Google continues infrastructure investment with trans-Atlantic cable

Google has continued its cloud infrastructure quest with its first private trans-Atlantic subsea cable connecting Virginia Beach in the US to the French Atlantic coast.

The cable, named Durant, is expected to become available in late 2020, adding network capacity across the Atlantic, supplementing one of the busiest routes on the internet. This will be the 13th cable Google has invested in, though it is the first Atlantic asset which will be privately owned in its entirety.

“Today, we’re announcing our newest private subsea cable project: Dunant,” said Jayne Stowell, Strategic Negotiator at Google. “This cable crosses the Atlantic Ocean from Virginia Beach in the U.S. to the French Atlantic coast, and will expand our network–already the world’s largest–to help us better serve our users and customers. The Dunant cable is expected to become available in late 2020.”

The cable itself has been named after Henri Dunant, the first Nobel Peace Prize winner and founder of the Red Cross, and unveils another little quirk of the Google business. The Durant cable follows Curie, a cable connecting Chile to Los Angeles, which was announced in January, with Google confirming the trend will continue. Like the Android updates which follow the alphabet (funny that) and are named after sweets, the cable investments will also be named alphabetically, but after famous scientists.

There are a few to pick from when it comes to E. ‘America’s greatest inventor’ Thomas Edison could be an option, as could astronomer Arthur Eddington or Greek scientist Eratosthenes, the first person to produce a reliable, logical method to discover prime numbers. With AI as 2018’s buzzword, 1963 Nobel Prize winning neurophysiologist John Eccles could also be a good outside bet, but the safe money would have to go on Albert Einstein.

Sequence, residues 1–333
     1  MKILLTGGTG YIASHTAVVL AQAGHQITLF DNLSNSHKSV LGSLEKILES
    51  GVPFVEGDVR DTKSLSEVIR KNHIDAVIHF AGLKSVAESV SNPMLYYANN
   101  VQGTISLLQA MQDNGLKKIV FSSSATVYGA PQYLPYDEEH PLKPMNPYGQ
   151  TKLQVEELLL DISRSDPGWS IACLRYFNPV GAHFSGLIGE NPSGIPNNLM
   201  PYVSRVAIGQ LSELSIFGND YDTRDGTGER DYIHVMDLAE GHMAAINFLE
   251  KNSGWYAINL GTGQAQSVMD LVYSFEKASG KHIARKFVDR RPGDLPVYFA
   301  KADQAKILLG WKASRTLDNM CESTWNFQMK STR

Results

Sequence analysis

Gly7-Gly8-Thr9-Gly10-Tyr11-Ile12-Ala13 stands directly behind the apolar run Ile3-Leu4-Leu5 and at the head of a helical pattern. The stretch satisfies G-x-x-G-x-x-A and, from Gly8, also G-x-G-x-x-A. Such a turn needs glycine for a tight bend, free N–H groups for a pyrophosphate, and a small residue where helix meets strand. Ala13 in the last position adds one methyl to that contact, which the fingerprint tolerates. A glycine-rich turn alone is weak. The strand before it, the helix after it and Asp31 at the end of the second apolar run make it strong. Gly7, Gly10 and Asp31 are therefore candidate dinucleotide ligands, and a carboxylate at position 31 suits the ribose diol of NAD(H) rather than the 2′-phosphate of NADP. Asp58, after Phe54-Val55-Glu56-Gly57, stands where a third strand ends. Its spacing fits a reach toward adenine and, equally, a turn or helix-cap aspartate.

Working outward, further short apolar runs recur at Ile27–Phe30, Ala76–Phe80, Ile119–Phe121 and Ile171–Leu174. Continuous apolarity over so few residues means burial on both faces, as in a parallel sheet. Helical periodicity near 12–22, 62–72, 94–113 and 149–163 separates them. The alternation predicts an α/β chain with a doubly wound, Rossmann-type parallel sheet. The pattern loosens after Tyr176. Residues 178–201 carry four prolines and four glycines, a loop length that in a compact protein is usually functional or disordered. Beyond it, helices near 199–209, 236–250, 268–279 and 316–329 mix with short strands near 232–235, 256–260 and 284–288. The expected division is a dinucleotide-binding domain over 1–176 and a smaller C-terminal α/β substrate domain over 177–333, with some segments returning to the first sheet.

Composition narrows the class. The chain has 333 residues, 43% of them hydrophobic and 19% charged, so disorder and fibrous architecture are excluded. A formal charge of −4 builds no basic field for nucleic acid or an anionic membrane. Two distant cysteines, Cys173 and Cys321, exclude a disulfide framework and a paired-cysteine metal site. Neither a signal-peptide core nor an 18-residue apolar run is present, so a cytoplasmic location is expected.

Northern Virginia has been a region receiving some attention in recent months, as aside from the cables landing on its beaches, Google has also been focusing some data centre investments in the region as well. In the escalating cloud battle, Google has some catching up to do, though AWS is largely believed to dominate this region of the states. Whether Google has the financial clout to compete against the market leader remains to be seen, but the search giant has not been scared to sign cheques in recent months.

Durant in the Atlantic and Curie in the Pacific are two serious investments being made by Google. Competitors are also involved in consortiums to build and maintain other cables around the world, though few head down the route of privately funding their own. Here, Google will have more control over capacity and the route of the cable, perhaps giving it a bit of an edge over competitors such as Microsoft and AWS who will have to compromise with partners when crossing the Atlantic.

The major cloud players are not short of cash to invest, though whether Google veering towards private investment in subsea cables kicks off a new trend remains to be seen.

Google Atlantic Cable

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